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Theodore De Mulder was a Third Class passenger of the Titanic. He survived the sinking in Lifeboat 11.

BiographyEdit

Theodore De Mulder was born in Nederhasselt, Belgium to Franciscus and Theresa De Mulder (De Langhe). He boarded the RMS Titanic in Southampton on April 10th, 1912 as a third-class passenger.

"Our grandfather traveled from Aspelare with a coach and horse to the station in Haaltert, where he took the train to Antwerp. There he took a boat to London and from there a train to Southampton, which was already a big journey because most of them never left their small village. And then the trip itself on that master ship - 'unsinkable' - must have been a great experience 'til the day they sank and then the story of his life started again. A totally new life."
    - Erwin De Mulder (grandson)

Theodore was one of four Belgian men who would survive the sinking. According to him, he reached the Boat Deck with John Sheerlenck and Julius Sap. All three would later give numerous and conflicting accounts of how they survived so it remains unclear just how they left the Titanic. All later claimed to have jumped into the sea and were rescued by passing lifeboats. Theodore himself told how he was rescued after clinging to a chair he had thrown into the sea. More than likely, much of the evidence seems to indicate that all three men left together in either Lifeboat 11, 13, or 15, since a large percentage of Third Class men escaped in these boats. Sap had mentioned years later that several women had hid him under their skirts, however that claim remains unconfirmed.

After his rescue, De Mulder joined his friends Sap and Sheerlenck in a travelling road show. When they lost all their promised money, the American Red Cross assisted them. De Mulder received $300.00 with the notation that he had "a wife and two young children, as well as a dependent aged father and mother-in-law in Belgium." He had lost all his baggage and money which was valued at $200.00.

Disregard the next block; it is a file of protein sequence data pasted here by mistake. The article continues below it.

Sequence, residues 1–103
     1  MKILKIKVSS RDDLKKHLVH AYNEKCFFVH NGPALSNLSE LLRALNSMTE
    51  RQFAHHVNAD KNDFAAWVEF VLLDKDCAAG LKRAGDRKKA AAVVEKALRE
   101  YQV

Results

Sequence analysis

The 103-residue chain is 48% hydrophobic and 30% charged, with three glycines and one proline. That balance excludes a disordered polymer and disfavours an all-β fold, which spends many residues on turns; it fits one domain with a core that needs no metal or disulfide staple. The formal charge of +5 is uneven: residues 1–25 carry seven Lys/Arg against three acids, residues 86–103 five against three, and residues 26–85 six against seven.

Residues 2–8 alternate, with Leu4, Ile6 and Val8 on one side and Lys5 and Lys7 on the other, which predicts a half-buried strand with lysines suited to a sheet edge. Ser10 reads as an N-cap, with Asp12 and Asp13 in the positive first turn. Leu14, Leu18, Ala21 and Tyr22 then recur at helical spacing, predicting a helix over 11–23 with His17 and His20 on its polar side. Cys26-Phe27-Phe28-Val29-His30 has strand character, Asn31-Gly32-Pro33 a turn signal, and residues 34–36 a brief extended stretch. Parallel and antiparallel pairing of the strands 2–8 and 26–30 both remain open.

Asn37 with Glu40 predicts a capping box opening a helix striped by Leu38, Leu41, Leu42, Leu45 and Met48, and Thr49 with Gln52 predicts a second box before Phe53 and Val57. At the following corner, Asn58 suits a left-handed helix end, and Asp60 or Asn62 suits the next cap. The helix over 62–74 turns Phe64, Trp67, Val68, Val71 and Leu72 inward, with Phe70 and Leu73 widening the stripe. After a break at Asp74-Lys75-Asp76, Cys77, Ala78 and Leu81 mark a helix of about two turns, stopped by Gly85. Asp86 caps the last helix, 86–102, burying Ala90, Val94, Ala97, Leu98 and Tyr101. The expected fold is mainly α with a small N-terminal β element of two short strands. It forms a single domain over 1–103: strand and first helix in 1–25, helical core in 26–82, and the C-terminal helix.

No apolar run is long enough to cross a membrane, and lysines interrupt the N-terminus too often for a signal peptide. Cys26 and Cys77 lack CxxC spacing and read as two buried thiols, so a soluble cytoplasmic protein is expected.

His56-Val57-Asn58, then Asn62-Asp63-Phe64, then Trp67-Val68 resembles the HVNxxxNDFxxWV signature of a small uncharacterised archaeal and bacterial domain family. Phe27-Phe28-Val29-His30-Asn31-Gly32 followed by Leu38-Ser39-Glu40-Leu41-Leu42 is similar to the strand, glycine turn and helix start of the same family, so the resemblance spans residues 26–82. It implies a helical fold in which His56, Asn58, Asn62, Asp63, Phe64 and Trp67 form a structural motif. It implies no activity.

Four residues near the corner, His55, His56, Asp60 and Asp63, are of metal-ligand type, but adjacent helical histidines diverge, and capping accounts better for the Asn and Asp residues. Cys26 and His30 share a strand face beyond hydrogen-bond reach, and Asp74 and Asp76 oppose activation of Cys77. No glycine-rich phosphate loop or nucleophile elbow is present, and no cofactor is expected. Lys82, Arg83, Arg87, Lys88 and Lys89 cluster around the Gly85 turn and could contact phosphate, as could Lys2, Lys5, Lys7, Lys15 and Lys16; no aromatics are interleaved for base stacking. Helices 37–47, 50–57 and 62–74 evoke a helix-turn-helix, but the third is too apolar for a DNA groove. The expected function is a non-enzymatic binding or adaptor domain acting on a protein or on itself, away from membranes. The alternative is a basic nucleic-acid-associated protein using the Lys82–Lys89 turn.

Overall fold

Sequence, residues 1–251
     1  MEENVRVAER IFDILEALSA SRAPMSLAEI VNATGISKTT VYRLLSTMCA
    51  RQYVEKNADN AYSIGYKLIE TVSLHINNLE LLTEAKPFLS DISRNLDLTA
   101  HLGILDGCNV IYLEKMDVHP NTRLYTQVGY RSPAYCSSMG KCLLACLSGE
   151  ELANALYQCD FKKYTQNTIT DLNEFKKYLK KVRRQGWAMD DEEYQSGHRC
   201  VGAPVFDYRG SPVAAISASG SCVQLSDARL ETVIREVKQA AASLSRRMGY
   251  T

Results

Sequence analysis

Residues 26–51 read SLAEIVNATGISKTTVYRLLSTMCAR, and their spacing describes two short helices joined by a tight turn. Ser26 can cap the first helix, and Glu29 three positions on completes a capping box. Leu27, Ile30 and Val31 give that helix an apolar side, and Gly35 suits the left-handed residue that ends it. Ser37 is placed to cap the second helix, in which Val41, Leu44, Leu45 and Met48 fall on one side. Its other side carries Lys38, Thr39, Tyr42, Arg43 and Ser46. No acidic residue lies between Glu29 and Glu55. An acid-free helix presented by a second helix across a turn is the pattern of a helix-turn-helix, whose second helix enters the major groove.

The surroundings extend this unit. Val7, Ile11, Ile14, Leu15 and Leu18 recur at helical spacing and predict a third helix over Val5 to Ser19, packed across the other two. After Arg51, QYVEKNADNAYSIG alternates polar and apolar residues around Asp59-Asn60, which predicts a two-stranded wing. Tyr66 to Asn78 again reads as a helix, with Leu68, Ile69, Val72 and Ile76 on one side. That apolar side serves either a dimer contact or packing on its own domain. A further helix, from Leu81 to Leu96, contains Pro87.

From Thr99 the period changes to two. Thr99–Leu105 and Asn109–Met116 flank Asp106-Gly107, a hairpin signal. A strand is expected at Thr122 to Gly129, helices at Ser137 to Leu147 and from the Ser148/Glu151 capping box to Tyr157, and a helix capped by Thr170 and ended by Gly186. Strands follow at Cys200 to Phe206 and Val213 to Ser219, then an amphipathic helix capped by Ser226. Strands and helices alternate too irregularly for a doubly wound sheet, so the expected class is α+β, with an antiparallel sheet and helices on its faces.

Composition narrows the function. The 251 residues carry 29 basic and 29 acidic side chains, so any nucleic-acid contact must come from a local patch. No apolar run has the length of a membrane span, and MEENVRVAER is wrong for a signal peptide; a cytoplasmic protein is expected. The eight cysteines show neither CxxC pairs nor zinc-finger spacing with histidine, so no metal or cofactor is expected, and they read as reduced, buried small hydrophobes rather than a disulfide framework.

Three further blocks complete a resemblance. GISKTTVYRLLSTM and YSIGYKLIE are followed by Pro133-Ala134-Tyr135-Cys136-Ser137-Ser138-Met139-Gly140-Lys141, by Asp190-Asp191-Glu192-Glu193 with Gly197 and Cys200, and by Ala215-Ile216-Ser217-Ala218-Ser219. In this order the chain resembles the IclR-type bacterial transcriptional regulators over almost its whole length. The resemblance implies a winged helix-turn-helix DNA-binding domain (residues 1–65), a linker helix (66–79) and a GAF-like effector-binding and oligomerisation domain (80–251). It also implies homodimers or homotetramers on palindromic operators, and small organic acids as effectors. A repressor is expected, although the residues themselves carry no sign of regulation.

Afterwards, he moved back to Belgium and opened a roadside café which he named "In Den Titanic," or "In the Titanic." Theodore died on April 19th, 1954; only four days after the forty-second anniversary of the Titanic's sinking. His wife erected a white cross in 1912 to thank God for saving her husband.

Whitecross

The White Cross Jeanette displayed in Belgium.

"Once, he gave us the whole story, talking to his good friend Urbain Gerry who were neighbors when they were living as farmers in Canada." - Erwin

Theodore was so impressed by what he had seen he never really spoke of it. Subsequently, his grandson Erwin did so in his place. There are many stories about what had happened to him on the Titanic. Especially at his family home, he never spoke on the disaster.

Elsewhere, Theodore was a bit more revealing about what he had witnessed. According to Erwin, he had only once explained the whole story in detail. Theodore realized that there were no more lifeboats, so he jumped into the icy sea without a life jacket, since he had forgotten it in his cabin. He then began to swim to a lifeboat which he later tried to board several times, but all his efforts were in vain . However, he then clattered some ice cold water from his sleeve into the boat, so people bailed back. He took his chance and he crawled quickly in the now vacant place.

Perpendicular to seaEdit

Erwin realizes that he will never know the true story in it's fullness. "We're not sure exactly how it went, he may have changed his story to make money once in America." But at that time such a thing was not easy to admit. By indestructible creed 'women and children first' made common folk upset that men had managed to save their own skin. But it was not that part of the story which Urbain was surprised at. He later told Erwin: "He claimed to me that the Titanic - just before the sinking - was almost perpendicular to the water." Urbain would reply " ; but that's impossible!" However, Theodore would still insist it was perpendicular to the ocean. In retrospect, of course, it turned out he was right. Only in 1985, in light of discovering the wreck of the Titanic, did it become clear that the ship was broken in two and the stern had come all the way up.

Theodore's grandson explained what happened to his grandfather after he survived the sinking of the Titanic. "Eventually, my grandfather continued to live in America for 20 years, where my father was born. In his 30s, he returned to Aspelare in Belgium. He then opened a cafe which just about everybody loved. He fittingly called it 'In Den Titanic'. That pub existed into the late 40s and was well known in the area. Even older people still talk to me about it."

TraumaEdit